OK, finally I had some time to take a deeper look into this. And yes, I can reproduce it! Whenever you scrub *backwards* using the scrubbing tool, Pro Tools calls prepareToPlay() a few times with different (smaller) buffer sizes. The subsequent calls to the audio callback will then also use that smaller buffer size. As soon as you stop scrubbing backwards, everything reverts back to the original buffer size.
I think there is nothing we here can do about it - if we are in the prepareToPlay() callback, there is no way to tell whether we are scrubbing or not, it seems to be a weird quirk of Pro Tools that we have to live with.
However please keep in mind that the buffer size passed into prepareToPlay() is only a hint anyway. It doesn't come with a promise that the next audio callback will actually use that buffer size. It might be called with a smaller buffer size even without a prepareToPlay() callback in between that announces that buffer size change -- hosts are allowed to do that.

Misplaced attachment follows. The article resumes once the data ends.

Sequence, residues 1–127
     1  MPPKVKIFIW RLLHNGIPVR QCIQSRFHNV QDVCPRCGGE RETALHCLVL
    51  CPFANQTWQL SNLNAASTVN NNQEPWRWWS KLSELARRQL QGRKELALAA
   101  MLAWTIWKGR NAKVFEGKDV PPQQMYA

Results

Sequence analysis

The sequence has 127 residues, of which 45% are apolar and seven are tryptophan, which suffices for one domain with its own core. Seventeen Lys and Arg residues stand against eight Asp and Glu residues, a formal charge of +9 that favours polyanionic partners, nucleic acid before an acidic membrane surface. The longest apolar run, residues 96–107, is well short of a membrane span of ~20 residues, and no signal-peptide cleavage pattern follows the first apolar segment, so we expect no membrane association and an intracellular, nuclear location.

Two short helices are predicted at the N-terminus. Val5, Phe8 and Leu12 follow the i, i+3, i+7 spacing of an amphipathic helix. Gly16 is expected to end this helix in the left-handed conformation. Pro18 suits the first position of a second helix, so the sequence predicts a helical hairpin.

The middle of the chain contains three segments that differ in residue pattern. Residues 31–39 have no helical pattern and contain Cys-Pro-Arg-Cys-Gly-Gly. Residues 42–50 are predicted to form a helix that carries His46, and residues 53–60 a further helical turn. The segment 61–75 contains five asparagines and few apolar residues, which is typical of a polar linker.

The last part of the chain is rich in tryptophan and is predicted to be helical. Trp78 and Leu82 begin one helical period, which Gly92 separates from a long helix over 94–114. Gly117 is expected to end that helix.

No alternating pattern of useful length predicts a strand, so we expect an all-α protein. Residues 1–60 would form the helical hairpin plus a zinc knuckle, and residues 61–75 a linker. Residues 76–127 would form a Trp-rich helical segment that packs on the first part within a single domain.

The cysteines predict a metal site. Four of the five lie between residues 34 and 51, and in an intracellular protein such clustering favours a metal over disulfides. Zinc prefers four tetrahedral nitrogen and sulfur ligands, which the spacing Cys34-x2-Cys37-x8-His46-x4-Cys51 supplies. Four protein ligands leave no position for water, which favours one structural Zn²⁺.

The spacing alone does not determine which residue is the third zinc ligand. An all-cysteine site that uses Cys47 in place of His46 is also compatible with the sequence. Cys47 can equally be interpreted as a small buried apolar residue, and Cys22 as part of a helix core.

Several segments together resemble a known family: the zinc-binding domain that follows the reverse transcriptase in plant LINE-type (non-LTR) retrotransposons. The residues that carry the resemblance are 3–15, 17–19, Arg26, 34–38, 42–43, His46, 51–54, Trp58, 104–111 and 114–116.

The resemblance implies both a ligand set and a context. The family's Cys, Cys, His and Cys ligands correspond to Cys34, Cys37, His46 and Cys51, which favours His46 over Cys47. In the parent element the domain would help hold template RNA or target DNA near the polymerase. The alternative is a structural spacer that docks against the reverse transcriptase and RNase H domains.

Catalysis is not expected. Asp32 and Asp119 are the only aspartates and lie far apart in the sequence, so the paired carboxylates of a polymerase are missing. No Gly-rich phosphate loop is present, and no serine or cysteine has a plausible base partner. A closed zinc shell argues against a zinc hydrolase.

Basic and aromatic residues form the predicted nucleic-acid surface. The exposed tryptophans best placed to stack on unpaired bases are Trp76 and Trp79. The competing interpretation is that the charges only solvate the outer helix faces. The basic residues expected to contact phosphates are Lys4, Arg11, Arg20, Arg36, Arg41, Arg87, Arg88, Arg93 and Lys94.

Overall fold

So I think the best strategy would be to implement prepareToPlay() in such a way that you just ignore the call to it whenever it's safe to do so.
For example: the first time prepareToPlay() is called, it is passed a buffer size of 1024, so you do your initialisation and allocate your resources. Then, the user scrubs in ProTools, and prepareToPlay() is called again with other numbers like 256, 128, ... which are smaller than the original first call - so it's safe to just ignore it. You already allocated everything! An interesting detail is that ProTools never calls releaseResources() in between those spurious prepareToPlay() calls, so it's actually safe to ignore those additional calls.
I'll add a comment to prepareToPlay() saying that it might be called spuriously and that you should keep that in mind when implementing it.
Is that satisfactory?